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Chemistry Seminar Series: Arthur MarExport this event to calendar

Friday, October 26, 2018 — 2:00 PM EDT

High-Throughput Approaches for Discovering Thermoelectric Materials

Arthur Mar
Professor
Department of Chemistry
University of Alberta

Friday, October 26, 2018
2:00 p.m.
C2-361 (Reading Room)

Abstract: Traditional approaches to search for new solid state materials can involve systematic investigations, serendipitous discoveries, or, for limited classes of compounds, rational strategies for manipulating building blocks.  Answering the call of the Materials Genome Initiative,1 launched in 2011, to “discover, develop, and deploy new materials twice as fast,” we are applying high-throughput methods to predict the structures of new compounds and optimize properties of materials.  In collaboration with Citrine Informatics,2 we have been using machine-learning methods to search for unconventional candidates that are likely to exhibit low thermal conductivity, an important criterion for good thermoelectric materials.  In collaboration with the Materials Project,3 we have also been exploiting computational studies to identify new candidates for thermoelectric materials, such as inverse perovskites and layered phosphides.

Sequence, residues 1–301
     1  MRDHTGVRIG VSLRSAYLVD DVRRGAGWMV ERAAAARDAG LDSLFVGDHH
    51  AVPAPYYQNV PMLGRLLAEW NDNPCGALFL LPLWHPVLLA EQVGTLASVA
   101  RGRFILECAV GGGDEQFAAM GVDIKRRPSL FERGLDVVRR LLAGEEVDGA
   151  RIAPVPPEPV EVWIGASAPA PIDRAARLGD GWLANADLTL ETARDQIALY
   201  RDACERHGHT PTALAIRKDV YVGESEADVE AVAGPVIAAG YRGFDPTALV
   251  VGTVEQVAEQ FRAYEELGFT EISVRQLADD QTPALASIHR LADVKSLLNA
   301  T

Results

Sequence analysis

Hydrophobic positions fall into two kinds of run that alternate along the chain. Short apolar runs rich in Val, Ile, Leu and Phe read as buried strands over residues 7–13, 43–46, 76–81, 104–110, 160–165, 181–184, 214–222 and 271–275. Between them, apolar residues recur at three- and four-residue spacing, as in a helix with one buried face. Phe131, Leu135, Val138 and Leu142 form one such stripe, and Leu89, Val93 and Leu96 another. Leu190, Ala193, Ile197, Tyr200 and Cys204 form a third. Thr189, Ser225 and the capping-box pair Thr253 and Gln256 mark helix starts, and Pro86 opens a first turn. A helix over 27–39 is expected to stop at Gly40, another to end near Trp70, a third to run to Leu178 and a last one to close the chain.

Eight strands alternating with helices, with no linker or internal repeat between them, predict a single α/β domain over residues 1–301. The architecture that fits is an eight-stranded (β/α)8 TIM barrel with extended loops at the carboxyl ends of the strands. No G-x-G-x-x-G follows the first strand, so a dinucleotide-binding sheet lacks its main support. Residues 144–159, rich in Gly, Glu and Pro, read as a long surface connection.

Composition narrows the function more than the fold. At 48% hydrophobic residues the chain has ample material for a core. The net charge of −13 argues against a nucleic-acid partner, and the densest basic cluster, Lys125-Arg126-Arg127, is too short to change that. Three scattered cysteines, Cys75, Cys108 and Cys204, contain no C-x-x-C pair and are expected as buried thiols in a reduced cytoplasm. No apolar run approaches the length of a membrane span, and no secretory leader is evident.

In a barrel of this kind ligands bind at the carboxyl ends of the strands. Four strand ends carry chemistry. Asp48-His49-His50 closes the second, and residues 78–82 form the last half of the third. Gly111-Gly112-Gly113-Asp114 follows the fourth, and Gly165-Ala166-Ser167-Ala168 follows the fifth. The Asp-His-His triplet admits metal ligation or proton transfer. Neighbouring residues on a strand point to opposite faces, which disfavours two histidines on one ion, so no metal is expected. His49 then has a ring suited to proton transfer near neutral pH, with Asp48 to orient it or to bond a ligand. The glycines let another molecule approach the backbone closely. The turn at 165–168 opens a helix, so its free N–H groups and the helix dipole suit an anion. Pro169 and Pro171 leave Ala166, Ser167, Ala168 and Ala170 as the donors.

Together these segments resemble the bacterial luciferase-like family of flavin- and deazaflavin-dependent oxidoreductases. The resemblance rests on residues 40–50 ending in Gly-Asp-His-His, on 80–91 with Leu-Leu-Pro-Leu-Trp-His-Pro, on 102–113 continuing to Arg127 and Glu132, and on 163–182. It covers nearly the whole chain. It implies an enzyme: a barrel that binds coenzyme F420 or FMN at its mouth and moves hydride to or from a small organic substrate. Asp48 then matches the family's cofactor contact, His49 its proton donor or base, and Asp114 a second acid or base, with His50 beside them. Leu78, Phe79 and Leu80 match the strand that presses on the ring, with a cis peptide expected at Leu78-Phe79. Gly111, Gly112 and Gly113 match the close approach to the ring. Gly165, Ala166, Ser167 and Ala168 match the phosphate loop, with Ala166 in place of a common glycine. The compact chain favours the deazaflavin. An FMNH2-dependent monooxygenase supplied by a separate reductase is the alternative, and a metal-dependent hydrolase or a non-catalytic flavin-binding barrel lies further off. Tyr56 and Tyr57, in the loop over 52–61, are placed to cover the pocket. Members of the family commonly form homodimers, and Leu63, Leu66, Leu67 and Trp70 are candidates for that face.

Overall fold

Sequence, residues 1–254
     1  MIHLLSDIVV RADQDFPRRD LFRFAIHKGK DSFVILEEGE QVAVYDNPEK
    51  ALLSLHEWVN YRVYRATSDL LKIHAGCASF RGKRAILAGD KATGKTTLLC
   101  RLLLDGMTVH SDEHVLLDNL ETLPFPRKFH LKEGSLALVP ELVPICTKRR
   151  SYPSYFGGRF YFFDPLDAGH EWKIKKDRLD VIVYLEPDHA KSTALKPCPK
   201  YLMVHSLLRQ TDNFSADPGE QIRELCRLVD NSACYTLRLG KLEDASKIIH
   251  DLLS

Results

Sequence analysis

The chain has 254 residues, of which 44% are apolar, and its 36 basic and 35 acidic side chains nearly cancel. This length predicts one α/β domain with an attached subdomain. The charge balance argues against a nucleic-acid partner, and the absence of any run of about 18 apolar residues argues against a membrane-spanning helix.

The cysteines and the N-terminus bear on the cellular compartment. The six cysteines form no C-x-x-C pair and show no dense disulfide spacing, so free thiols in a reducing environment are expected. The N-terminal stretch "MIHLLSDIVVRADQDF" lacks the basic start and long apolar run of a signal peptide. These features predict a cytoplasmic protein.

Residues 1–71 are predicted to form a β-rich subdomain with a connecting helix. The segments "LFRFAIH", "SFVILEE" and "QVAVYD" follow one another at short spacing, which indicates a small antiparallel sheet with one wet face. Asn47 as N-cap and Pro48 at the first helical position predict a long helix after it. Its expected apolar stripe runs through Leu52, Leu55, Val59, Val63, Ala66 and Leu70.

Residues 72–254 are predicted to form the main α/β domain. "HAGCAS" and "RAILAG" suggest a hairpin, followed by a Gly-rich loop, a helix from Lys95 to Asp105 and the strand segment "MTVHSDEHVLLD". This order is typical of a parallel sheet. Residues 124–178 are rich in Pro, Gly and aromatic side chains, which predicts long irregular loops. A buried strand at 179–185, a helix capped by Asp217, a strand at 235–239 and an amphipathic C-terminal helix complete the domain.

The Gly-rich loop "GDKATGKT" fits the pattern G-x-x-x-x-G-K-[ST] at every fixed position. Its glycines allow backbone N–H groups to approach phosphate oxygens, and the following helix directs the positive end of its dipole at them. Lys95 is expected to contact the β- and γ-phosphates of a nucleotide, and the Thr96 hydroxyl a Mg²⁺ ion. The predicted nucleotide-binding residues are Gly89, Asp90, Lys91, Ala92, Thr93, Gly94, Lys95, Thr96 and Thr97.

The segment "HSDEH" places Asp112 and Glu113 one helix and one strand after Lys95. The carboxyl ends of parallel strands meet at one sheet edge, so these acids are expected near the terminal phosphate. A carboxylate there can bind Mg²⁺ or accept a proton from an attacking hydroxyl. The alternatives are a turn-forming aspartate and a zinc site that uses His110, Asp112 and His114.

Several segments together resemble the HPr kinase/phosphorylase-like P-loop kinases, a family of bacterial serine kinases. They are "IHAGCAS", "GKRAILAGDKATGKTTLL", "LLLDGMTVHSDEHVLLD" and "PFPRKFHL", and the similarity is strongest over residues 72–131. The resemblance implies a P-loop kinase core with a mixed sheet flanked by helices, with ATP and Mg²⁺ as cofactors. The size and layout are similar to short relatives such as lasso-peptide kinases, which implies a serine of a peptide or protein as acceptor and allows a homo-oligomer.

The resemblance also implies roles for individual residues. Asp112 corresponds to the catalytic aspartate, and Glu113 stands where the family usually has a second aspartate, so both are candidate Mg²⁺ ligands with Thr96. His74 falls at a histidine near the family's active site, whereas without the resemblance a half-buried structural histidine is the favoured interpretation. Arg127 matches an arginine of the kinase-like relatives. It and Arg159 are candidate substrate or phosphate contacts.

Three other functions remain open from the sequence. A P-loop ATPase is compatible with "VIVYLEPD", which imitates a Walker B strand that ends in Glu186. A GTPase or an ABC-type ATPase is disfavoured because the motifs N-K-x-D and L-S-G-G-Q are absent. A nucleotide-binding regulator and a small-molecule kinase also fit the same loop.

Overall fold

1. National Science and Technology Council, Materials Genome Initiative Strategic Plan, 2014.
2. Citrine Informatics, www.citrination.com.
3. The Materials Project, www.materialsproject.org.


Dr. Arthur Mar received a Ph.D. from Northwestern University in 1992 under the supervision of James A. Ibers.  He worked as an NSERC Postdoctoral Fellow in the laboratory of Yves Piffard and Jean Rouxel at the Institut des Matériaux de Nantes in 1993–1994.  He is currently a full Professor in the Department of Chemistry at the University of Alberta.  He is considered to be one of the leading experts in the field of inorganic solid state chemistry, having established a internationally recognized research program encompassing the synthesis, characterization, and applications of intermetallic compounds and Zintl phases, with an aim to understand structure-property relationships.  In recent years, he has been at the forefront of applying machine-learning approaches to materials discovery.  He has published over 200 articles and given 92 invited presentations.  He has served on the editorial boards of Chemistry of Materials, Journal of Solid State Chemistry, and Acta Crystallographica.  He has received the Faculty of Science Research Award and many teaching awards at the University of Alberta.

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